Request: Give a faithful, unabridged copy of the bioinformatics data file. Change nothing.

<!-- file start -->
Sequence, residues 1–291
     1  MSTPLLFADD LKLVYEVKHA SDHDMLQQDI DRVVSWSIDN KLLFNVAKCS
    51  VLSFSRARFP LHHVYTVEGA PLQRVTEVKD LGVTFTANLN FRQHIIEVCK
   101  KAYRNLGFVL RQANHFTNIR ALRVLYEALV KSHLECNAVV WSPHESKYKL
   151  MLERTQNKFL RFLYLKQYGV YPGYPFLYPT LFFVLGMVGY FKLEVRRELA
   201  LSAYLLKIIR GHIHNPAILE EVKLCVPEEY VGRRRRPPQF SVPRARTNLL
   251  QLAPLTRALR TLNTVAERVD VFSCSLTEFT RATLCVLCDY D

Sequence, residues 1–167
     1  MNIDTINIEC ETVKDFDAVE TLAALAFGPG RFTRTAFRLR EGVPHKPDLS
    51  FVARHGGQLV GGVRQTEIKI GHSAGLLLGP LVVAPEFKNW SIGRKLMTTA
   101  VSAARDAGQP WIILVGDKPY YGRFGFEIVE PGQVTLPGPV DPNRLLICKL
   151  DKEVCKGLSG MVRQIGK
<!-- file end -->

Sequence, residues 1–291
     1  MSTPLLFADD LKLVYEVKHA SDHDMLQQDI DRVVSWSIDN KLLFNVAKCS
    51  VLSFSRARFP LHHVYTVEGA PLQRVTEVKD LGVTFTANLN FRQHIIEVCK
   101  KAYRNLGFVL RQANHFTNIR ALRVLYEALV KSHLECNAVV WSPHESKYKL
   151  MLERTQNKFL RFLYLKQYGV YPGYPFLYPT LFFVLGMVGY FKLEVRRELA
   201  LSAYLLKIIR GHIHNPAILE EVKLCVPEEY VGRRRRPPQF SVPRARTNLL
   251  QLAPLTRALR TLNTVAERVD VFSCSLTEFT RATLCVLCDY D

Sequence, residues 1–167
     1  MNIDTINIEC ETVKDFDAVE TLAALAFGPG RFTRTAFRLR EGVPHKPDLS
    51  FVARHGGQLV GGVRQTEIKI GHSAGLLLGP LVVAPEFKNW SIGRKLMTTA
   101  VSAARDAGQP WIILVGDKPY YGRFGFEIVE PGQVTLPGPV DPNRLLICKL
   151  DKEVCKGLSG MVRQIGK